Folate is essential in the natural process of red blood cell formation. According to Marla Ahlgrimm, these red blood cells are what carry oxygen throughout the entire body. When the body doesn’t get enough oxygen to its systems, the result can be a condition called anemia. Specifically, in this case, folic acid anemia.
Women need folate at every stage. However, it’s most important to the system during the childbearing years. Folic acid can help prevent neural tube defects during fetal development. It’s suspected that receiving enough of this nutrient may also play a role in fetal viability. In other words, intaking enough folate may help prevent early miscarriage.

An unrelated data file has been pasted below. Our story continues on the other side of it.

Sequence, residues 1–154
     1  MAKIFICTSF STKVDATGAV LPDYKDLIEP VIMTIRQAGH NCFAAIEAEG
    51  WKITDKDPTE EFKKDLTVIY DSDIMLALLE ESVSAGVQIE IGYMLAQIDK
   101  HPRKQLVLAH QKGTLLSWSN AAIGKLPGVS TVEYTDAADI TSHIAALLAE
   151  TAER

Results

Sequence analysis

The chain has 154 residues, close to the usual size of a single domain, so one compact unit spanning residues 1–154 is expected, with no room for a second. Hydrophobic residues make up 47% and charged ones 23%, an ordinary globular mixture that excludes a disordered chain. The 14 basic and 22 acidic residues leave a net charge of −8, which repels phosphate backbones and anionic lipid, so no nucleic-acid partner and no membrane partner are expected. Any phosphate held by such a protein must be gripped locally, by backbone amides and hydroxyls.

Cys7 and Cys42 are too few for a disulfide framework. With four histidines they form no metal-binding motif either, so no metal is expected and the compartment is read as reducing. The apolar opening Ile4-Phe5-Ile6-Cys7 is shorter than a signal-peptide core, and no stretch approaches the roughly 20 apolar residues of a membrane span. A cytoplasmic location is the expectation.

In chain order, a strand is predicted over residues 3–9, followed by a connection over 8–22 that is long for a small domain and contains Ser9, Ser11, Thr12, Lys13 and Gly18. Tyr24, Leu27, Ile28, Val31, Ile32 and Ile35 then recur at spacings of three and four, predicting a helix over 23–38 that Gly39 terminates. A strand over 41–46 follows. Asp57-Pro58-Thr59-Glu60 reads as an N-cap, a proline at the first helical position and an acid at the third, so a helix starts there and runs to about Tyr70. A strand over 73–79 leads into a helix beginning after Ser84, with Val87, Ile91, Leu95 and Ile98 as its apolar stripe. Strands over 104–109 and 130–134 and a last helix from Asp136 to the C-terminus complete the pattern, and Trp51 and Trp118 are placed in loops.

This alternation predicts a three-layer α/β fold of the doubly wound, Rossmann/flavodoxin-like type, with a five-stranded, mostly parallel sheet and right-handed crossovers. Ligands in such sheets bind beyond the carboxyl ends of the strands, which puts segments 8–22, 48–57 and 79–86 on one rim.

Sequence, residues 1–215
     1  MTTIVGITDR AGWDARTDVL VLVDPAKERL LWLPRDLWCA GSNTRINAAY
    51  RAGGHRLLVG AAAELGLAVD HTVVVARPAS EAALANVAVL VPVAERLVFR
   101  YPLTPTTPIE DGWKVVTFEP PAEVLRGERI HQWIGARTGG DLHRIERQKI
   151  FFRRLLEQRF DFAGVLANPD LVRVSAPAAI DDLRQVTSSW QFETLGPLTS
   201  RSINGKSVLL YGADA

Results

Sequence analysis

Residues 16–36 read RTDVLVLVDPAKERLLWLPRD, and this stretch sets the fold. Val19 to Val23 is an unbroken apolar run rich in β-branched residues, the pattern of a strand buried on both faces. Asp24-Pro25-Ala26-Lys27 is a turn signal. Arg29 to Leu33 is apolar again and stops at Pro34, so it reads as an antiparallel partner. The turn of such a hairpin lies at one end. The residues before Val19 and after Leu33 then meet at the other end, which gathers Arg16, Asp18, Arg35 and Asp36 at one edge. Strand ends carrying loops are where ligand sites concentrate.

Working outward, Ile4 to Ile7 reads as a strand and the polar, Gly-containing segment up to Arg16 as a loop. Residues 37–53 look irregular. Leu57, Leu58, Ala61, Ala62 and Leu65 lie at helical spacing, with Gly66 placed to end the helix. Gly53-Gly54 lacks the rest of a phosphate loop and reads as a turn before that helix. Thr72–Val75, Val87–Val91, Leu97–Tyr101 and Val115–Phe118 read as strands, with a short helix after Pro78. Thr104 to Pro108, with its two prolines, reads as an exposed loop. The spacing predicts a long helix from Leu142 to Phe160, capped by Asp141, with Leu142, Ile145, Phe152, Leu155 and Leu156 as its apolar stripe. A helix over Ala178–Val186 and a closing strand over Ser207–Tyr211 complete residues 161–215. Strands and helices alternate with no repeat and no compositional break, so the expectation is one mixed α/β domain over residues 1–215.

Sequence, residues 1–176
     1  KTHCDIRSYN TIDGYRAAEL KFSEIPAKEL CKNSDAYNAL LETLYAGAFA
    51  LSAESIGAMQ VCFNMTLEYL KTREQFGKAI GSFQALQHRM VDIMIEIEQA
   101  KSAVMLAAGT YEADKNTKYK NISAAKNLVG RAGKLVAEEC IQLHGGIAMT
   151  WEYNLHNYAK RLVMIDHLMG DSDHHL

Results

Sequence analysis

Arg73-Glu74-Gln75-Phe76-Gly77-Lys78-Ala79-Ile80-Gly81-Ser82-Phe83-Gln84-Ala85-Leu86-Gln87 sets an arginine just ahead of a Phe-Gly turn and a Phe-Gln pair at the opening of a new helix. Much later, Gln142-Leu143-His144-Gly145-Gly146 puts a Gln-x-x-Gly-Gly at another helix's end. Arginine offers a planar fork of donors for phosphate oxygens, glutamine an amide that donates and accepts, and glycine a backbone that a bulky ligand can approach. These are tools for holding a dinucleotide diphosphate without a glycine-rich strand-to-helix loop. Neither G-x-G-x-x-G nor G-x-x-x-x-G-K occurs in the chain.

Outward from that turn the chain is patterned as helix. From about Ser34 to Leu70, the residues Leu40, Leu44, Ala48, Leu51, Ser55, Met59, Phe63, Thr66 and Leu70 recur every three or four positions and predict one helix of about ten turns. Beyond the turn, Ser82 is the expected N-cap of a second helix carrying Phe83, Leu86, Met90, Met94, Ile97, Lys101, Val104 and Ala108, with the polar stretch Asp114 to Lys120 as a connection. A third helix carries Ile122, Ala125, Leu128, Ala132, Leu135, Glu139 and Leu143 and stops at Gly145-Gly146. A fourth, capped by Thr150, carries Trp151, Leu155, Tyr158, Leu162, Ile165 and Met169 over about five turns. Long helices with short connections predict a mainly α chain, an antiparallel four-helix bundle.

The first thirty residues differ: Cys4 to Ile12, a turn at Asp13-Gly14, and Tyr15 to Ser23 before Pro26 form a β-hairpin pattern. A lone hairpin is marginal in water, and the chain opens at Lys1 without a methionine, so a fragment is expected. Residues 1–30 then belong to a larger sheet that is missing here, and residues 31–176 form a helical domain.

Folate is found naturally in many foods. These include nuts, beans, and many greens, like spinach. Most cereal and bread manufacturers also fortify their foods with folic acid, a synthetic form of the vitamin. A quality multivitamin can also supply the body with around 400 µg of folic acid, which Marla Ahlgrimm explains is what most women need each day.
Women who have previously given birth to a child with spina bifida, a common neural tube defect, or have a family history, may need to increase their intake of folic acid, says Marla Ahlgrimm. African-American and Latino women are at the highest risk of folate-deficiency anemia and related pregnancy complications. Women who are at an increased risk can potentially lessen the odds of giving birth to a child with spina bifida by increasing their folate and folic acid intake during pregnancy.